Technology extends shelf life of dairy exports

July 26, 2018, Monash University
Technology extends shelf life of dairy exports
A pilot scale spray dryer in the Monash University food grade lab. Credit: Monash University

A suite of drying technology platforms developed by researchers at Monash University could help extend the shelf life of Australia's powdered dairy exports – including infant formula – while meeting stringent safety and quality benchmarks.

Professor Cordelia Selomulya and her team from Monash University's Department of Chemical Engineering, along with international collaborators, have developed world-first 'Smart Drying' technology to help optimise the current industry-standard spray drying conditions and their effect on the final powdered dairy products.

Spray drying is a method of producing a dry powder from a liquid or slurry through rapid drying with hot gas.

Prolonged storage and continued exposure to temperature and moisture during transportation can lead to the browning / caking and spoilage of dairy powders. Above all, this can impact the solubility of dairy powders which, in the case of , can cause choking.

Professor Selomulya says the use of X-ray diffraction and infra-red technology as part of the study will be able to monitor fundamental changes in powder properties during storage and can assist in understanding the ideal conditions that produce cost-effective, export quality dairy powder.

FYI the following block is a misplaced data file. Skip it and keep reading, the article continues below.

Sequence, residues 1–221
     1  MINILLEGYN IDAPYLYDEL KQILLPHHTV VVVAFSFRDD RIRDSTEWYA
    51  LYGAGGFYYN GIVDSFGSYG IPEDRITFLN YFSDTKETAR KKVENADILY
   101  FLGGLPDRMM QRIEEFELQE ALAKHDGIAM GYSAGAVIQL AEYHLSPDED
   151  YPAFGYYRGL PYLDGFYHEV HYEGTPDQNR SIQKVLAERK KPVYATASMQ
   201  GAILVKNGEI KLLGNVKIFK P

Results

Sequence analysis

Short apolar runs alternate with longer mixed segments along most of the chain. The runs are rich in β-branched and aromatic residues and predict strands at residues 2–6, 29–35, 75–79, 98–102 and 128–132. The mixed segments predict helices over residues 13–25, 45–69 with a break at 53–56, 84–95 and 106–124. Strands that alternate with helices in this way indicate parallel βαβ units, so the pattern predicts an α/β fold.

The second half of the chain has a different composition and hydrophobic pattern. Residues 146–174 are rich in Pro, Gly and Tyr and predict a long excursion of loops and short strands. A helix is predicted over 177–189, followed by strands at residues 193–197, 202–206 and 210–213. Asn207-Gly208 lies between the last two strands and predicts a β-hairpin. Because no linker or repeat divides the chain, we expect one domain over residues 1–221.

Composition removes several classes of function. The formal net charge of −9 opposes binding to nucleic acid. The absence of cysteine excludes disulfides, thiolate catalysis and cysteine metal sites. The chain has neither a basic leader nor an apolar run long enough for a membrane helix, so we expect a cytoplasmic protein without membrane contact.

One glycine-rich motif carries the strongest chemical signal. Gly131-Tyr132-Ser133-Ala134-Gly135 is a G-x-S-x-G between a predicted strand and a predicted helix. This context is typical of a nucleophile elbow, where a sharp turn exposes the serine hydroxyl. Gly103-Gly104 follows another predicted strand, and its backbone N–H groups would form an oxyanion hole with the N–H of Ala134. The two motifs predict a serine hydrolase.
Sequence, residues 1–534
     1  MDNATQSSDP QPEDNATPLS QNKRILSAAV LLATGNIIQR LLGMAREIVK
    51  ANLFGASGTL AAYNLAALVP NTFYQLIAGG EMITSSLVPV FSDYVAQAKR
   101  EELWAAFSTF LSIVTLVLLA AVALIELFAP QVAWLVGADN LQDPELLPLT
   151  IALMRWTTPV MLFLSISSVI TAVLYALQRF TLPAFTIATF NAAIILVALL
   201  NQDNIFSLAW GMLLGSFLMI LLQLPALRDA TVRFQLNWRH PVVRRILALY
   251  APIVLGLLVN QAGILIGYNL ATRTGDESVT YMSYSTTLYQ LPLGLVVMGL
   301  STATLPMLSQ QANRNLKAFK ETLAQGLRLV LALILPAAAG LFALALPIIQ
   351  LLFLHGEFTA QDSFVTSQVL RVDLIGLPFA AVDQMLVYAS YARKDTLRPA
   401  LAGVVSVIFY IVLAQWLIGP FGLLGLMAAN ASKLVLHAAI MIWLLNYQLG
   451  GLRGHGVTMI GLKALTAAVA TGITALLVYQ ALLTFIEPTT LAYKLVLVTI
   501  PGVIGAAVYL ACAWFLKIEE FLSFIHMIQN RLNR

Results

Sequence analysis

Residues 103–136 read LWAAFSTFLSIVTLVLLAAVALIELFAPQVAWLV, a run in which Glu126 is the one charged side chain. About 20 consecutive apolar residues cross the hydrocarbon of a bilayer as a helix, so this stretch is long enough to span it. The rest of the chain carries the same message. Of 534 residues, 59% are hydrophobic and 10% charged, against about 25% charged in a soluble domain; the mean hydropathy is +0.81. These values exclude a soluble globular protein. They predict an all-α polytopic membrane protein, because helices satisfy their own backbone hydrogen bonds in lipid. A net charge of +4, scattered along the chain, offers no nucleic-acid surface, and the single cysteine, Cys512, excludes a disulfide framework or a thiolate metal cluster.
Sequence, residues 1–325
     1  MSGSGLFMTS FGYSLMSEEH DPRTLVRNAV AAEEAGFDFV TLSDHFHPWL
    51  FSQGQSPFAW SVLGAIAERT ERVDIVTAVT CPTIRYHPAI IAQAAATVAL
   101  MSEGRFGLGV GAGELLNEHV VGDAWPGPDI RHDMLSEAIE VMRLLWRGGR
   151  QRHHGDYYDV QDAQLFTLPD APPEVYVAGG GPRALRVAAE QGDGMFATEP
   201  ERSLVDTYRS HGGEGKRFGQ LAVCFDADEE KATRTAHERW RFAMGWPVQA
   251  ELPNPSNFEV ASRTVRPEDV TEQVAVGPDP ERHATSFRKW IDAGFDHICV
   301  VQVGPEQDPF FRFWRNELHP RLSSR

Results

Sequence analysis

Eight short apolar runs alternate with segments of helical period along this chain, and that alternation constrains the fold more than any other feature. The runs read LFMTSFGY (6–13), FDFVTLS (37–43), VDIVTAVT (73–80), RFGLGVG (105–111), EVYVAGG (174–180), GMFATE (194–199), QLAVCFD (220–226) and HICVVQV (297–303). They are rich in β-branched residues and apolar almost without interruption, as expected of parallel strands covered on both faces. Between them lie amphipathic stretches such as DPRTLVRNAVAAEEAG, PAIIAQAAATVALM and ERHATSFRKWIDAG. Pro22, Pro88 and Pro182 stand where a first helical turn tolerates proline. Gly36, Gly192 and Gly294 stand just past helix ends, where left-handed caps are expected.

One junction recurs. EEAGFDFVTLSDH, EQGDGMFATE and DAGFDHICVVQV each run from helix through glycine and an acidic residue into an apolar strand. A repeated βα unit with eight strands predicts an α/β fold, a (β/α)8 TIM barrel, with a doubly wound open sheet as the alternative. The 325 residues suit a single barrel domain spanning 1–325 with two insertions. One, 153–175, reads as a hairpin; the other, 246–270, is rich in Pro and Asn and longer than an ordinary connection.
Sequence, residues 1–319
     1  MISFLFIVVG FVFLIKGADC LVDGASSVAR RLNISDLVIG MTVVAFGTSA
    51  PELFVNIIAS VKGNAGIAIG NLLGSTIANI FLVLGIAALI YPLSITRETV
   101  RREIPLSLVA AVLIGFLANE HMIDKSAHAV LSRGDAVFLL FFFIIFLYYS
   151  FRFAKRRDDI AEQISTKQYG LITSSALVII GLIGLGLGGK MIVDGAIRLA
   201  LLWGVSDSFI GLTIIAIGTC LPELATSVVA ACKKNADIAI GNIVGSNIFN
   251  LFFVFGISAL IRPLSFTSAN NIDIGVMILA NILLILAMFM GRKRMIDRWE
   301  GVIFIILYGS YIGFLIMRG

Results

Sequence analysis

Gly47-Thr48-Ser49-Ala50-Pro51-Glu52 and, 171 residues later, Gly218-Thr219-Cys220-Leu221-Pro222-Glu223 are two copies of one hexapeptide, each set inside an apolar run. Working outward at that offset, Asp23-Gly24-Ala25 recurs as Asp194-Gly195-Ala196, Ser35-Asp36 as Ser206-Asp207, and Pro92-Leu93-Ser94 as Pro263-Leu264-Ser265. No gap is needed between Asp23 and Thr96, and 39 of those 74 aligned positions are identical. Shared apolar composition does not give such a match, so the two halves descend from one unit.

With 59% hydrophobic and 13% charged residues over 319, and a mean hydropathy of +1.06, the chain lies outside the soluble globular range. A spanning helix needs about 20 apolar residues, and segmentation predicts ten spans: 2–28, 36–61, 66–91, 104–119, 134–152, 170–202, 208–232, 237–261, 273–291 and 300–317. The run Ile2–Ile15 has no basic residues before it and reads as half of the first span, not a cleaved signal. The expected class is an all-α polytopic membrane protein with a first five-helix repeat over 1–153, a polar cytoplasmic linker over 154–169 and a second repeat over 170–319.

"Milk powder production is the most energy-intensive dairy manufacturing process, with Australian producers under increasing pressure to improve efficiencies and to reduce the cost of bulk powder production," Professor Selomulya said.

"As most infant formulas are exported overseas, it is important that the quality is maintained during the transport and storage period. This could take several weeks or months before the customer uses the product.

"A more targeted approach to spray drying can help manufacturers in producing high quality powders – as well as tremendous gains in energy saving while reducing environmental costs, potentially through a combination of lower temperature spray drying and more efficient evaporation processes."

Roughly 40 percent of fresh milk in Australia is spray dried to create products such as milk powders, whey powders and milk protein concentrates which collectively make up half of Australia's $2 billion dairy export industry.

With a growing demand for dairy products in Southeast Asia, Monash University research will help to define the right process conditions to produce these powders and also help extend their shelf life.

"The Australian dairy industry has the reputation of producing high quality products and Australia has one of the highest food safety standards in the world. The key is now to be able to increase efficiency in manufacturing by decreasing the chances of producing powders with poor quality ," Professor Selomulya said.

Explore further: Single-droplet dryer helps experts predict dairy ingredient properties

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